Newspaper article The Christian Science Monitor

Newspapers Hold Columnists to Rising Standard for Truth Resignation of Boston Writer Raises Debate over Storytelling vs. Accuracy and Authenticity

Newspaper article The Christian Science Monitor

Newspapers Hold Columnists to Rising Standard for Truth Resignation of Boston Writer Raises Debate over Storytelling vs. Accuracy and Authenticity

Article excerpt

Cranky columnists who use eloquence to champion the inelegant common man have long been a staple of big-city newspapers.

Traditionally - and ink journalists can be as tradition-bound as the Amish - these star writers have been accorded much freedom in their work.

That may now be changing. The ouster of Boston Globe columnist Mike Barnicle over charges of fabricated stories could mean that columnists everywhere now face tighter scrutiny.

"Columnists have historically been given great literary license. Now a new, more literal news standard is being applied to writers like Mike Barnicle," says Everette Dennis, professor of communication and media management at New York's Fordham University.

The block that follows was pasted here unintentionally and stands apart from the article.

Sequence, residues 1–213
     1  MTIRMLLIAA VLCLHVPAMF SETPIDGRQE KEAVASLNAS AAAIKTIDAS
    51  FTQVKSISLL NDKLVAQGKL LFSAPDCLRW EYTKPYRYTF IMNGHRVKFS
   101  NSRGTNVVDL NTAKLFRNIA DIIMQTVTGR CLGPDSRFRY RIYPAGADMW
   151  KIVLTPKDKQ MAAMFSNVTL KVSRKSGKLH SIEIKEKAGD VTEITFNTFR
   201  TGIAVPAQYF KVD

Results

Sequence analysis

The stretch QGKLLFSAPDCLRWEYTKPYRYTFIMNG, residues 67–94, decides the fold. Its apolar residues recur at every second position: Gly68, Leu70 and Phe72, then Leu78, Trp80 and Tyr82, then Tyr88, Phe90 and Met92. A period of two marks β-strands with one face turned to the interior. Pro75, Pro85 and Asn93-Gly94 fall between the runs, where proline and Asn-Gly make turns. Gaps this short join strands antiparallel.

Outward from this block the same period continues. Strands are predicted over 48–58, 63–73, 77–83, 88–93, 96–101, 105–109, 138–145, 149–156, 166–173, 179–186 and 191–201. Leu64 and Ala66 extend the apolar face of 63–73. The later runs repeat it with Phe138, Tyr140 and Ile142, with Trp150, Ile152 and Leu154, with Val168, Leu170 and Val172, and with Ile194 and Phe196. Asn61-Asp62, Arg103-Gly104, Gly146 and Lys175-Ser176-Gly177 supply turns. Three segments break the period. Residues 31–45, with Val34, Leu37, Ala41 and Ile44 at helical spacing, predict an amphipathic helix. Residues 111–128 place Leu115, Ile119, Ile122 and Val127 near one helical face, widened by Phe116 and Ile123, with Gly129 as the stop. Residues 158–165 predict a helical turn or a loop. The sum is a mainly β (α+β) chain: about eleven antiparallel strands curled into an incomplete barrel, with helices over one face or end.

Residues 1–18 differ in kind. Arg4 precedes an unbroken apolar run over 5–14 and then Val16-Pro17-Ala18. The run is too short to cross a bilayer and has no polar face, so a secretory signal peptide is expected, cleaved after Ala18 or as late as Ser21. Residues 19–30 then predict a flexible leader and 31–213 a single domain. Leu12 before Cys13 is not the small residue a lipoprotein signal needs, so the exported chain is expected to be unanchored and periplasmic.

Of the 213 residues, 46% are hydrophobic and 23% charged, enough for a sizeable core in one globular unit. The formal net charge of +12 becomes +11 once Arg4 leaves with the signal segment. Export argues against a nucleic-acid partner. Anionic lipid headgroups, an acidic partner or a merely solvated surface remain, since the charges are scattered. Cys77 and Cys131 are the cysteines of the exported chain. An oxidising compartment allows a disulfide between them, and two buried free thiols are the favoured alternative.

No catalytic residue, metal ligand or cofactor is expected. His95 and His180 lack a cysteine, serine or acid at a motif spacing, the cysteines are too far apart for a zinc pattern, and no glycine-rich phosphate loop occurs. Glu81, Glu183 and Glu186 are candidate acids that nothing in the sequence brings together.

Behind this shift may be an American culture that is rapidly losing patience with those who shade the truth.

"Maybe the public is moving toward a greater commitment to the fidelity of information," says Mr. Dennis.

Chicago Tribune opinion-page columnist Clarence Page agrees that columnists are being held to a higher standard.

Before television, he says, newspaper standards and ethics were looser and competition was less intense. People turned to newspapers and columnists more for entertainment. Not only columnists, but reporters and rewrite people would embellish the facts to stretch out a story.

Fictional characters

Jimmy Breslin had a recurring character in his columns, "Marvin the Torch," a professional arsonist. Did he really exist? "Maybe, maybe not," says Mr. Page. "But nobody made a big deal about it because it was such a good read."

In Mr. Barnicle's case, "I can only speculate that he had a little of the old attitude, 'Don't let truth get in the way of a good story,' " says Page. "But that's a temptation that has to be resisted at all costs."

Barnicle's Wednesday resignation from The Boston Globe followed a similar departure in June by columnist Patricia Smith, who left the newspaper after an internal review turned up fabricated people and quotes in four of her columns.

Many columnists and media critics express sadness over Barnicle's fall from grace - but offer little sympathy. "All of us feel the pressure to produce columns that beat the competition," says E.J. Montini, columnist at the Arizona Republic. "But what value is there to your work when you perform it dishonorably?"

Likening Barnicle's alleged fabrications to an athlete taking steroids, Mr. Montini adds: "You might win the 100-yard-dash, but is it fun to win a sporting event by cheating?"

Fictional characters based on common folks and colorful neighbors have long been the staple of newspaper columnists like Mr. …

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